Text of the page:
11 Security breaches Worldwide – Week 32, 2019
Be informed about the latest 11 Security breaches Worldwide, identified and reported publicly during Week 32, 2019. As these security-related breaches have a severe negative impact on any business, consider a security AUDIT to prevent any similar cases.
- New Android-based malware called QualPwn has been discovered by Chinese researchers.
- It can remotely control infected phones by leveraging three different Qualcomm chipset vulnerabilities. The Qualcomm company acknowledged the flaws. Google issued an update to patch the problem but Samsung hasn’t yet done so. Users should upgrade accordingly. New Flaws in Qualcomm Chips Expose Millions of Android Devices to Hacking
- You have heard of wardriving, but how about warshipping?
- The practice involves mailing a small computer to a target company. Once the package has been delivered to the mailroom, it is activated and attempts to connect to the corporate network. IBM red team hackers were able to use this technique to infiltrate various networks. They have produced a video showing you how the attack is done. Package Delivery! Cybercriminals at Your Doorstep
- This post takes a deeper dive into how the MegaCortex ransomware operates.
- It has mostly been used to target businesses and used to work in conjunction with manual methods to infect various endpoints. Researchers have found a new version that can self-install, making it more potent. The malware creators have traded some security for ease of use and automation of their attacks. New version of MegaCortex targets business disruption
- There are five ways you can make cyberattacks more difficult to accomplish, according to this new research paper.
- Three of them are to make the data obsolete (by changing passwords for example), move quickly after a breach and identify threat vectors. Worthy showing to your managers. Modern-Day Manhunt – Operationalizing Cyber Attribution (pdf)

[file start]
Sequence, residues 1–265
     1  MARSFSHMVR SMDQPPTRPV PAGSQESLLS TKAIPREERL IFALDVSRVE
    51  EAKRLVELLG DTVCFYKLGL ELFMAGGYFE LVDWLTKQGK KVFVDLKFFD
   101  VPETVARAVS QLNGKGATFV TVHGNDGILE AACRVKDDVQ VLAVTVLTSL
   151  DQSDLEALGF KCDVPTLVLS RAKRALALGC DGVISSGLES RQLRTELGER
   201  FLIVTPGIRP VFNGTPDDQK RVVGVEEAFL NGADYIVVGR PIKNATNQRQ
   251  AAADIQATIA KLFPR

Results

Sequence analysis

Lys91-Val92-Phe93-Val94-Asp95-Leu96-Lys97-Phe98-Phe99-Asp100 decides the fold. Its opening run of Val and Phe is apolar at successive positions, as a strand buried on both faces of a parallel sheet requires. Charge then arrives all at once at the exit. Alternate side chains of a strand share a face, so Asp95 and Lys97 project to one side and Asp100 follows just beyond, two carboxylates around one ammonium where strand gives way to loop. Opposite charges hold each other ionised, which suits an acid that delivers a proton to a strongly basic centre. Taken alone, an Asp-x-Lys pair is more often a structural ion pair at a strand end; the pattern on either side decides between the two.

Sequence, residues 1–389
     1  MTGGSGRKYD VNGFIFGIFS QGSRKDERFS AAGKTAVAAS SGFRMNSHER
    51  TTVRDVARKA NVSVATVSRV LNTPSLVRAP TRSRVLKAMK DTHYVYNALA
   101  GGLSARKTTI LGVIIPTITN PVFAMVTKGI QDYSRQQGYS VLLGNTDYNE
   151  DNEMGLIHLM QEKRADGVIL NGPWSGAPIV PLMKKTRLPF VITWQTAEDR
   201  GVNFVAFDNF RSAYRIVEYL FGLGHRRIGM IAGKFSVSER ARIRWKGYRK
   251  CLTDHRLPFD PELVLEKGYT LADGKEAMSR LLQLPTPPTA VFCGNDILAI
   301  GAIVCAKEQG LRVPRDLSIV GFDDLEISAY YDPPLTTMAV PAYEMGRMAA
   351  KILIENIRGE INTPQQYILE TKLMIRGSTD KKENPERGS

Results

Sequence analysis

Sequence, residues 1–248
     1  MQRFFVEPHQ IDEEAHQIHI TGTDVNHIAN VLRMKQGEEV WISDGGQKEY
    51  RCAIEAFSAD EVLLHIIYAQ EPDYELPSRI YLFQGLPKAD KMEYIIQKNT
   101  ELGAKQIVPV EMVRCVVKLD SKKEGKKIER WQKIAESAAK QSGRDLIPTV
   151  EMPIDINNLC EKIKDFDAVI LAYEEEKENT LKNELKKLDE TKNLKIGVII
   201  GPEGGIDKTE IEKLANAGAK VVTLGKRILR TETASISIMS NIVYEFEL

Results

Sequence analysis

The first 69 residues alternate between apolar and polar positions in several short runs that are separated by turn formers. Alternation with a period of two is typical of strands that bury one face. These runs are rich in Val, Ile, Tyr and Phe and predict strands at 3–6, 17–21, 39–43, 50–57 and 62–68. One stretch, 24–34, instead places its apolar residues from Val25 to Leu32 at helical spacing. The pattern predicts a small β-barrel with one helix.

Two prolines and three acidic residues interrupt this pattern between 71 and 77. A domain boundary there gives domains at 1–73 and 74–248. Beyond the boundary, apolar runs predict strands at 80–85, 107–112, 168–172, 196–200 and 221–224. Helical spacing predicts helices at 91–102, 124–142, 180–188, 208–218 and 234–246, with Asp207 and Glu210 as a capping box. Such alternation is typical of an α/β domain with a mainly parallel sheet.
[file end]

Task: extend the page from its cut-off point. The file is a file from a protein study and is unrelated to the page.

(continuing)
- Attacks are getting more targeted, hitting higher volumes and using more financial-astute methods.
- These results are from new analysis of NetScout telemetry over the first half of 2019. Botmasters are taking advantage of smart home devices to launch their attacks and malware is hitting more IoT devices on corporate networks, even those behind firewalls. NETSCOUT THREAT INTELLIGENCE REPORT
Discover trending and viral stories about Security breaches Worldwide. The remaining Security breaches made news headlines. All these happened just last week.
- The fashion and sneaker trading platform StockX was hit by hackers at the end of last week.
- It initially didn’t acknowledge the attack and first reset users’ passwords, then issued this statement. Reporters were able to verify that users’ account data was stolen from the site back in May. Financial data wasn’t involved. StockX was hacked, exposing millions of customers’ data
- The latest victim of a business email compromise attack is the North Carolina Cabarrus County School District.
- It discovered it sent a payment to a hacker’s bank account instead of its legit construction contractor thanks to a well-crafted phony email. The result was a $1.7M payment, only a part of which has been refunded by the bank. $1.7 million missing after Cabarrus County Government targeted in social engineering scam
- Details on 4M email accounts were recently leaked from Disney’s revamp of its Club Penguin website.
- It happened through a PHP vulnerability and had help from data obtained from another leak last year. There is a lot of confusing and contradictory information about what happened. 4 million Club Penguin Rewritten accounts exposed in breach
- The researchers who found the original DragonBlood WPA3 bugs are back with new vulnerabilities.
- Two new Dragonblood bugs allow attackers to recover passwords from WPA3 WiFi networks. The bugs allow hackers to steal passwords transmitted across the wireless network by brute-forcing authentications, and had to do with the ways the original bugs were patched. New Dragonblood vulnerabilities found in WiFi WPA3 standard
- The U.S. Army Cyberschool in Fort Gordon has changed its pedagogical tactics over the past several years.
- This post describes how more nimble instruction has become the norm, and how exercises are constructed to encourage collaboration to solve infosec problems. Students also switch between blue and red team exercises to widen their perspective. How the Army’s cyber school is changing
- The U.S. CERT has issued an advisory.
- It warns users of potential phishing scams that try to lure you in based on subject lines mentioning the past week’s tragedies in Dayton and El Paso. El Paso and Dayton Tragedy-Related Scams and Malware Campaigns